Armed teachers: More educators are taking gun training classes
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HOUSTON, Texas -- Before certain Texas teachers are able to bring guns to school, they must complete a training that works on accuracy and mental focus.

The training is about as real as you can get.

"Your heart rate goes up," On The Mark Enhanced Tactical Training CEO Ray Dunn said. "Your blood pressure goes up."

Real gun, recoil and blasts come when the trigger is pulled.

Instead of a bullet, the gun shoots a laser, which is a training tool Dunn uses to create lethally skilled shooters.

"If you have to shoot where there's a crowd of people or a school where there is a crowd of students, you better be accurate," Dunn said.

The Texas Association of School Boards said 13 percent of Texas districts allow employees to have guns on campus.

After President Donald Trump suggested certain teachers should carry last week, the number could rise.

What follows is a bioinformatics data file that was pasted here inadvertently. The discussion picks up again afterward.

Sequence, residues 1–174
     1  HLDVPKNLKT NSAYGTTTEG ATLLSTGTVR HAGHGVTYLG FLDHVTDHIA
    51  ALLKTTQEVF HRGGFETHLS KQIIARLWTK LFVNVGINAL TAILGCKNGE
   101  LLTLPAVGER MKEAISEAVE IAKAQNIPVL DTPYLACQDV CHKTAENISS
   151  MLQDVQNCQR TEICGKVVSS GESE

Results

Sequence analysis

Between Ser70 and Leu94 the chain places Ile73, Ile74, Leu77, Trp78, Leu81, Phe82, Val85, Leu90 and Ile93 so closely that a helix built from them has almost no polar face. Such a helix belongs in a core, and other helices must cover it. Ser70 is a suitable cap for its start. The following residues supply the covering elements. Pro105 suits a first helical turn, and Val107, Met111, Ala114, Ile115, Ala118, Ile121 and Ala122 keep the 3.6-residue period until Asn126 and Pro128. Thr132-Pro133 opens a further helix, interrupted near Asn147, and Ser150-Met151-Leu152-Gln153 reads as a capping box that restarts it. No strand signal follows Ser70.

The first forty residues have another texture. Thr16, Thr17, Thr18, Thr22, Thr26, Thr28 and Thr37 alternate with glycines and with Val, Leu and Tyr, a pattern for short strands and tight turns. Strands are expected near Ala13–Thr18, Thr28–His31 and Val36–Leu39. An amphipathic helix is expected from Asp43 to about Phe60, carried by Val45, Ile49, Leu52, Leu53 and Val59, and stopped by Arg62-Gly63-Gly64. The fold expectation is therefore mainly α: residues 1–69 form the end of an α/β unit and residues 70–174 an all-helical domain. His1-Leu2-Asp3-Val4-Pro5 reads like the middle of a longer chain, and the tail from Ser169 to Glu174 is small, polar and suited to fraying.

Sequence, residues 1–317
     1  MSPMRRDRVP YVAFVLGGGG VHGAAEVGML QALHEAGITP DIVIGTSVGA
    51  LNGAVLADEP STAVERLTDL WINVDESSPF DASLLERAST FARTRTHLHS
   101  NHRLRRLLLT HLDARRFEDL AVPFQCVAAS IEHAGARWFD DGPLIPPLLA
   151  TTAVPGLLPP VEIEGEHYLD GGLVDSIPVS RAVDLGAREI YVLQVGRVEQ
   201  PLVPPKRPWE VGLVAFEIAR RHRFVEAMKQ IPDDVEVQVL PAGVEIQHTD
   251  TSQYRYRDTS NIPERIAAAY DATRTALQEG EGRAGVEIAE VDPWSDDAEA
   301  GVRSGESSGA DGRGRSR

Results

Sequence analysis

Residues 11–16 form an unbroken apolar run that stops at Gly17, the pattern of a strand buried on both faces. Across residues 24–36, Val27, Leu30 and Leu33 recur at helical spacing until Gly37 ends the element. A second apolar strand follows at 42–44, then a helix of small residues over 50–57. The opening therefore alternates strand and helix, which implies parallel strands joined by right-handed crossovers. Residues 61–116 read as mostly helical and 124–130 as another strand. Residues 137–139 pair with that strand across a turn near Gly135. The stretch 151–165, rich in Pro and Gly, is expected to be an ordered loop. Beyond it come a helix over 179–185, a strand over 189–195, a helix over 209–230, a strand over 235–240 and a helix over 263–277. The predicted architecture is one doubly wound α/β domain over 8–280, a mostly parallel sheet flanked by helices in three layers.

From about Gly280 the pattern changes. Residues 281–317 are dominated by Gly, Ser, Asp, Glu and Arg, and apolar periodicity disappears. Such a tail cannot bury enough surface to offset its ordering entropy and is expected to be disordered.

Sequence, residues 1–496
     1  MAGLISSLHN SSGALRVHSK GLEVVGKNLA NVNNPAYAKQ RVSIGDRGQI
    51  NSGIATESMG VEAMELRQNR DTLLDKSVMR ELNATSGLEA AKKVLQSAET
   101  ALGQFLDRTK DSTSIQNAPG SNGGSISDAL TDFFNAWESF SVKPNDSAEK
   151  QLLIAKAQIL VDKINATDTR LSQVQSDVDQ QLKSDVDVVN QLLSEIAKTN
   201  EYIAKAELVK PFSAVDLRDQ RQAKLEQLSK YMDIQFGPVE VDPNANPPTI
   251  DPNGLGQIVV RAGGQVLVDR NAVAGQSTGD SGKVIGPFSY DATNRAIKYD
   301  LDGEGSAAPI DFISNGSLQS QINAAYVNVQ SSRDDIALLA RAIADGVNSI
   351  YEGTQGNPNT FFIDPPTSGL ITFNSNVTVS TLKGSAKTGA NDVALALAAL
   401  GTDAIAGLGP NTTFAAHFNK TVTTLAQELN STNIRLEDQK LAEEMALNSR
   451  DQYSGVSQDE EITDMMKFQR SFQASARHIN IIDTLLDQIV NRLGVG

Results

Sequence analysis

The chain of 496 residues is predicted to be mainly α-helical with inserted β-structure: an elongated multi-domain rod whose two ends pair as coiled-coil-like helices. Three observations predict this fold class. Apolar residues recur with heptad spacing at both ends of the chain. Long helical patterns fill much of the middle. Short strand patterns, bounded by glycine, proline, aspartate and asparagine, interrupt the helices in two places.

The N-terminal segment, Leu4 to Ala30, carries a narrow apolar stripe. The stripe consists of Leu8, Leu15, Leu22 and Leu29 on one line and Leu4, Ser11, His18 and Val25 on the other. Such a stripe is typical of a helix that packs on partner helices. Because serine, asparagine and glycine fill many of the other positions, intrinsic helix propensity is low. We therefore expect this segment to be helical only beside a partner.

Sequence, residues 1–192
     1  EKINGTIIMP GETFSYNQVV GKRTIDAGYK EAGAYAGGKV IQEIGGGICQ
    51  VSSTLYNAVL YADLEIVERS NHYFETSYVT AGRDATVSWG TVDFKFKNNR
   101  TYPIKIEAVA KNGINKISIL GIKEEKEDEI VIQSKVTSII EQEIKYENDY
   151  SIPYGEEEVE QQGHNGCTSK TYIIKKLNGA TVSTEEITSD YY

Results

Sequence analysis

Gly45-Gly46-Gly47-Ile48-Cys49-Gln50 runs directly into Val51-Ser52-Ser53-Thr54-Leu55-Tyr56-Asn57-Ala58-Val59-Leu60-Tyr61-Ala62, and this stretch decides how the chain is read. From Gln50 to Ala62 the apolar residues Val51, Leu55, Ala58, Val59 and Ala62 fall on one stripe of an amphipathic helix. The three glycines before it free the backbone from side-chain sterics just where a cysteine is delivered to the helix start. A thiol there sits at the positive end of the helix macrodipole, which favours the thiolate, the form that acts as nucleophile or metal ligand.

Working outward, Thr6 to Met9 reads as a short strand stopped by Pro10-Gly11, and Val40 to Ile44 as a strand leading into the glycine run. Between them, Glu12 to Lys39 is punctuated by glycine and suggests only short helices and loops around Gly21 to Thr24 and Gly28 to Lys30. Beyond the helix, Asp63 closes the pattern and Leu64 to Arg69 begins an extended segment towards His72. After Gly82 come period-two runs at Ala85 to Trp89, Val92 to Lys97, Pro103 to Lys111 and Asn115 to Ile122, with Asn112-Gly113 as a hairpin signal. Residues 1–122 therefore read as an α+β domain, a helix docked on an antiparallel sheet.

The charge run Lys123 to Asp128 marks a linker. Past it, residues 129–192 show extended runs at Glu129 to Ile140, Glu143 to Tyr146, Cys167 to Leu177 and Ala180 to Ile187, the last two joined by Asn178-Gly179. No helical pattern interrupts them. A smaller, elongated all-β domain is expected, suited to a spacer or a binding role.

Since the president's remarks, Dunn said his business has been busy, and he expects the number of teachers he will train to increase.

"Probably approaching a couple hundred," Dunn said.

Here's how the 16-hour training works.

Participants start with a bullseye.

"Shooting a target is one thing, but shooting at a person, whether it's on video, or not, is a whole different ballgame," Dunn said.

Teachers aim, shoot and eliminate suspects using real-life video drills.

In addition to the videos, Dunn will also have teachers go through hallways and throw items at them to distract them.

"If you can't handle that type of situation, you definitely are not in line with carrying a gun in a school," Dunn said.

It's training Harrold Independent School District in North Texas uses.

"I think that they feel better about what they're doing," Harrold ISD superintendent David Thweatt said.

Thweatt said it helps teachers become accurate and mentally focused.

"I don't care if I know them. If they are in the act of killing other innocent people they are probably going to override my thought process about who they are or my relationship with them," Thweatt said.

Getting educators in the right mindset is what Dunn is passionate about.

A simulation he hopes will help teachers eliminate suspects.

"They're wolves looking for sheep, and I train sheepdogs," Dunn said.

In addition to schools, the company also works with churches and recently hospitals.

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